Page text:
"the country opposite to Mona," as Ar morica signifies the " Winter wakeneth nl my care,

country by the sea." According to this derivation, Ermonie may Now this leve# wareth bare.

be another name for Caemarvon, which is also interpreted "the Oft Y sike an mourne sare, When hit cometh in my thohl,

land opposite to Mona." But it is likewise possible that the of this worklis joie hou hit goth all to nouhl

Roman way, called anciently Erming-street, may have taken that Now hitis, ani now hit nis,

name from, or given it to, the country which it traversed, and Als tho hit ner Y wis."

Ermonie may therefore have lain in the midland countics. It is Either greues, or grenes : perhaps a mistake for groues. no objection to either of these suppositions, that, in stanza T3, Ś The names of these two chiefs sufficiently denote their Bri seven days' voyage is said to bring Tristrein from England to Er tish origin, and are still common in Wales. Rowland Riis, with monic: for, in another place, the hero takes nine weeks to pass his son Tristrem, are enumerated among the heroes of romance from Cornwall to Ireland. In truth, nothing can be more varie by a translator of Guido de Colonna, whose work is preserved in than the geography of the minstrels, even when trenting of their the Bodleian Library.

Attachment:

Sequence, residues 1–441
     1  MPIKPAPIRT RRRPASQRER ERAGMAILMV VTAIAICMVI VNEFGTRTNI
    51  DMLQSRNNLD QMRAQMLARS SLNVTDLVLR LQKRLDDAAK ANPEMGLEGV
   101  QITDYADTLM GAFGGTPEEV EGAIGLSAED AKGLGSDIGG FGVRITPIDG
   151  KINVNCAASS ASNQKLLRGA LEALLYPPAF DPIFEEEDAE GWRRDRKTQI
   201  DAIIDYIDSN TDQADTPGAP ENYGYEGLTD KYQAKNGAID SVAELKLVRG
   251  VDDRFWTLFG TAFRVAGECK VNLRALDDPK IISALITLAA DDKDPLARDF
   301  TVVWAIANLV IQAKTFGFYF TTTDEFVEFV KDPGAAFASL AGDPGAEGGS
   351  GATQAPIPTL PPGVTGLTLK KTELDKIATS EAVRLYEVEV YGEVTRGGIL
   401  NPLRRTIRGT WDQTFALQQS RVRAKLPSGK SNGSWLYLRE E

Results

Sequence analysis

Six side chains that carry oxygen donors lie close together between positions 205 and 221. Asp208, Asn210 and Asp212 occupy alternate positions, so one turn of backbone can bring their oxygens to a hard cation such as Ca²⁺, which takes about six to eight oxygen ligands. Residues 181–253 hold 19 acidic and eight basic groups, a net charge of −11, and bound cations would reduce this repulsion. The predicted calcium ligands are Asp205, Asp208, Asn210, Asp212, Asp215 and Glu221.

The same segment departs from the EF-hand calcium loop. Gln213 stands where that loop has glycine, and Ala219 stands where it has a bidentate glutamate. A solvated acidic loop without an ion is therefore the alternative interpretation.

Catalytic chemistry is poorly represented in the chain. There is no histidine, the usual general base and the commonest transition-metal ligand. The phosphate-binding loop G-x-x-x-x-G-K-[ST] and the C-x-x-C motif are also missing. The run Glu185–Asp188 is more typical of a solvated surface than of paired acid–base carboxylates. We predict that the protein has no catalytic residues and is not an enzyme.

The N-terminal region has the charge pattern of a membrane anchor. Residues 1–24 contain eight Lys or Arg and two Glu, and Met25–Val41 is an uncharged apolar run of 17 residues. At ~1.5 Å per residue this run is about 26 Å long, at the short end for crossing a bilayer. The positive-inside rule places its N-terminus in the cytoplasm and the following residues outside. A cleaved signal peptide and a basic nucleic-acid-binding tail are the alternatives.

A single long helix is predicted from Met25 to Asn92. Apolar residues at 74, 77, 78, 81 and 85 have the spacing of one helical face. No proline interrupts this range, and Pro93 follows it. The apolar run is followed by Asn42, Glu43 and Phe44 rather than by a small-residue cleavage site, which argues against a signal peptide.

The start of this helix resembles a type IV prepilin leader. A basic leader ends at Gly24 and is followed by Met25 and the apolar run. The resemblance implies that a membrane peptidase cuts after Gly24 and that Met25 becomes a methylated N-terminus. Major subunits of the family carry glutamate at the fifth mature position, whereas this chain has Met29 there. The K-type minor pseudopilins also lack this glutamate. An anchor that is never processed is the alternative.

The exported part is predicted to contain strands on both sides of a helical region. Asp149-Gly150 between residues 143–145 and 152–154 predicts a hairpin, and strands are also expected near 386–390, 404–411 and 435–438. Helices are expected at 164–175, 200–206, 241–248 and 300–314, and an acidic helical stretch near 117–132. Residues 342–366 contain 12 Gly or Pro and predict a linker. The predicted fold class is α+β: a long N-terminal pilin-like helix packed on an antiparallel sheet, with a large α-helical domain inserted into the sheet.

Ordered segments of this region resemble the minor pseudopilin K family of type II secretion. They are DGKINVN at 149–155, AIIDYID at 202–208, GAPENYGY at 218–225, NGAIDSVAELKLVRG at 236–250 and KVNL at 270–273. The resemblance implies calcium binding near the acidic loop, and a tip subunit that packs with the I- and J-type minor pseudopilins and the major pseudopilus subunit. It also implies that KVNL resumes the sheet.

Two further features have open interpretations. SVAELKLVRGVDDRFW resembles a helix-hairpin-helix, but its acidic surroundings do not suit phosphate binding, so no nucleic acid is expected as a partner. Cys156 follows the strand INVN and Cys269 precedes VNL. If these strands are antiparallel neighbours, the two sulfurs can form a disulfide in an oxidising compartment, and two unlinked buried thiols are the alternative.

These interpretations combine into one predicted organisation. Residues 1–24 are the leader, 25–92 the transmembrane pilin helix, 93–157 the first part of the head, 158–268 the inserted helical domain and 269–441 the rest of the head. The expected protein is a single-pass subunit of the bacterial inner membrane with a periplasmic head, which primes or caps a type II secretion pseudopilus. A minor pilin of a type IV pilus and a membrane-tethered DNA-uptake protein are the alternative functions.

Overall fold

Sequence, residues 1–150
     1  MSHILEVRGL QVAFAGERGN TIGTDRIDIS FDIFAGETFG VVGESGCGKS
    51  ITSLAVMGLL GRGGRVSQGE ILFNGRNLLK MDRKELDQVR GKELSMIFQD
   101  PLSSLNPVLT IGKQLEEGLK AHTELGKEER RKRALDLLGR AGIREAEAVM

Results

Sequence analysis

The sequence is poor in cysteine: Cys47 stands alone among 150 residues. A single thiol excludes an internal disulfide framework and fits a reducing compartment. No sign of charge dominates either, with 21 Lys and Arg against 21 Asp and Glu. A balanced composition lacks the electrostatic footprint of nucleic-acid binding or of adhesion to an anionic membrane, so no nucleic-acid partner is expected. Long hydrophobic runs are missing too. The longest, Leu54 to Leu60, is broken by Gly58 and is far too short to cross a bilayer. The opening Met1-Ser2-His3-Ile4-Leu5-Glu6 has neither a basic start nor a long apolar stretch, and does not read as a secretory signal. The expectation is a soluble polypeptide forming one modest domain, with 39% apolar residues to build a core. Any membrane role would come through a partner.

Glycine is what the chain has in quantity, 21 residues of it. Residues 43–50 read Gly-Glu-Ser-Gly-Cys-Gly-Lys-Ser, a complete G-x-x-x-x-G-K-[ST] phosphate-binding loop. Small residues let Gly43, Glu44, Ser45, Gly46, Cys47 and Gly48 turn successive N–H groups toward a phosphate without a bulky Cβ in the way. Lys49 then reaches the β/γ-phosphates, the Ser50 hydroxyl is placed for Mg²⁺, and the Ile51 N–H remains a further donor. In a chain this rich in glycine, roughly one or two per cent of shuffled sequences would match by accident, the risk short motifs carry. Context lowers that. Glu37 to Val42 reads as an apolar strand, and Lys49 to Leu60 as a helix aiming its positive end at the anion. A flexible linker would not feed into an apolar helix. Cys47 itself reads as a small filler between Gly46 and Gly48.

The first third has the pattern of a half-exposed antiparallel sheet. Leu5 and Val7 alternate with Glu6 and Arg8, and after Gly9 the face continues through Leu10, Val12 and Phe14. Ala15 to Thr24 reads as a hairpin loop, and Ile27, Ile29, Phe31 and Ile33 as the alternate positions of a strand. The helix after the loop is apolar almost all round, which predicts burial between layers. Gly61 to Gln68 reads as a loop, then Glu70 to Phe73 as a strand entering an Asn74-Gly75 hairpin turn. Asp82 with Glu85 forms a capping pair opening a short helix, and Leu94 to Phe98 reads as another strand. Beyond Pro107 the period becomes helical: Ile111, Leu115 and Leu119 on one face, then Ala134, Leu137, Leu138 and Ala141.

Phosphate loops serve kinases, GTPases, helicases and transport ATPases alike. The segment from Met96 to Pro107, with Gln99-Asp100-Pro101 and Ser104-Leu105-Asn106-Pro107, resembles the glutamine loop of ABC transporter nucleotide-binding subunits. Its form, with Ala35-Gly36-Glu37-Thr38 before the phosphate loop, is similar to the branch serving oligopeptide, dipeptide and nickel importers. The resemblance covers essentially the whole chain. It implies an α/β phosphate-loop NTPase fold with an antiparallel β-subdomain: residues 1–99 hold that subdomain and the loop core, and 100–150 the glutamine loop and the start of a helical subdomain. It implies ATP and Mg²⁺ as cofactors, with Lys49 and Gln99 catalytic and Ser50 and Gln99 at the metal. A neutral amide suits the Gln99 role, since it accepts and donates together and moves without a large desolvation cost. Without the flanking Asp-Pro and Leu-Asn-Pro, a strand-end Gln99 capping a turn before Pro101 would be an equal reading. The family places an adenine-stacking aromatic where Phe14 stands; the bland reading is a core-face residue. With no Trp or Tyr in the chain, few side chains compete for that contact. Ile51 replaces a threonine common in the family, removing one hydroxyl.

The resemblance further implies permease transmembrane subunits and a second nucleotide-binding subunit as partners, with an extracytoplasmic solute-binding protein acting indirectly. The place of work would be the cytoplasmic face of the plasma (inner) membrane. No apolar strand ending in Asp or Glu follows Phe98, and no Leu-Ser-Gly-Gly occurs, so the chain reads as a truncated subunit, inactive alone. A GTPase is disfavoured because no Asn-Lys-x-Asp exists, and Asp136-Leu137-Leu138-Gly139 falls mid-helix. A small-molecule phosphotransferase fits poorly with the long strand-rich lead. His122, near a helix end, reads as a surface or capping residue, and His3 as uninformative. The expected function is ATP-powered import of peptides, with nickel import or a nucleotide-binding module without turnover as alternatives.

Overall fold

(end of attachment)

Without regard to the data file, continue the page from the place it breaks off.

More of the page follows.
own country. In the French Fragment, Kahardin sails from "Many spekyn of men that romaunces rede,

London to Bretagne, by the way of Bordeaux and Ushant !

T Two lines of this stanza are omitted in the MS.
Of Bevys, Giy, and Gawayne,

** The visit of Blaunche Flour to Rouland Rüs, was by no Of King Richarland Owayne,

means unprecedented in the annals of romance in the days Of Triatre ant Perey vayle, of Rouland Ris and Agiavaule,

when ladies were the most successful practitioners of medicine Of Archeroun any of Octavian,

and surgery, their intercourse with the preui cheraliers, who or Charles and of Carballan,

had been wounded in maintaining the purity of their bonour, or Or Kevelocke, Horne, and of Wade,

the superiority of their beauty, was charitable and meritorious, lu romances that of bem be made;

although exceeding the intimacy permitted by modern decorunn.